I particularly appreciated the speeches from the members for Notre-Dame-de-Grâce—Lachine and Outremont. Their comments showed me that they understood the goal and the importance of my bill. That is why, once again, I want to sincerely thank all of the members who spoke about this bill in this House.
That said, I would like to remind the House that Bill C-384 would amend the Criminal Code to create a new offence and clearly prohibit any hate-motivated mischief against an identifiable group at an educational institution. As I mentioned in my last speech, more and more violent acts are being committed at schools, educational institutions and community centres.
These events often make the news and are decried by the affected communities. In response to their requests, it seemed necessary to me to create an additional offence to deal specifically with mischief in relation to certain categories of buildings used or occupied by these identifiable groups.
Bill C-384 is a first attempt at responding to the need for protection of these communities. That is why I carefully noted my colleagues' suggestions made in the speeches we just heard. I am referring to the suggestion by the hon. member for Notre-Dame-de-Grâce—Lachine to have the bill include hate crimes committed against official language minorities as well the proposal made this evening by my Liberal colleagues to expand the groups covered by including those listed in section 718.2. These ideas should be studied in committee and my colleagues can be assured of my complete cooperation in this regard.
In listening to my colleagues, I am reassured that visible minorities can count on the unwavering support not only of the Bloc Québécois but also of the members of other parties for the legislative progress of Bill C-384 .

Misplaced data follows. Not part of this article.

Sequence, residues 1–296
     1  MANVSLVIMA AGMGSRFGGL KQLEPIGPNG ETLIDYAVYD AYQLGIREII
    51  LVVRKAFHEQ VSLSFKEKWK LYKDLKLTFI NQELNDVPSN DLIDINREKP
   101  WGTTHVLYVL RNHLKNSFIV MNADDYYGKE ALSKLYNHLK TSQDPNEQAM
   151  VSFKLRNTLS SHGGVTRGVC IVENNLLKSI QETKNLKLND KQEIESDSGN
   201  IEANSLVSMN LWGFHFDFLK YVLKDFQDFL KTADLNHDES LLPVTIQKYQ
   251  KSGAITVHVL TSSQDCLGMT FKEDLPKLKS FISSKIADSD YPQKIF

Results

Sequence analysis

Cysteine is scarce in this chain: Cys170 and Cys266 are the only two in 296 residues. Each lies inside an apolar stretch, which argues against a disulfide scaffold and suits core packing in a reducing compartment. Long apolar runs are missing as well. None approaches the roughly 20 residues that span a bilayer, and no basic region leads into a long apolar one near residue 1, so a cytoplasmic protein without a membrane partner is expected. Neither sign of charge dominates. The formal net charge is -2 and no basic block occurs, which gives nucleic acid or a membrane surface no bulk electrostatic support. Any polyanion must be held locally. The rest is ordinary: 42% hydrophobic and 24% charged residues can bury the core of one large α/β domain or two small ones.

As I was saying, this bill is not the result of isolated incidents. It is the result of a clear request from visible groups to meet a specific need—the protection of educational institutions. It would afford these institutions the same protection against hate crimes extended to religious institutions.
A number of communities have already expressed their deep gratitude for this bill. I thank them for their support. I am talking about the aboriginal people of Maniwaki, whose cultural centre was the target of racist and anti-French graffiti; the Black Coalition, which represents a community greatly affected by hate crimes; Muslims, who had a school targeted by hate crimes in 2007; homosexuals, who are still victims of acts of malice; and so on. Many other groups have supported this bill.
They are an eloquent example of why Bill C-384 is necessary and how it speaks to a wide range of communities in Quebec and Canada. I repeat that they will always be heard by the Bloc Québécois members, because my party has often been a staunch promoter and defender of human rights.
In short, Bill C-384 is a step forward; it is unequivocal proof that we as parliamentarians are concerned about human rights. Even if there is a great tradition of peace, respect and tolerance in our communities, together we can take concrete action to fully protect human dignity.
Private Members' Business
May 14th, 2008 / 6:45 p.m.
Michael Chong Wellington—Halton Hills, ON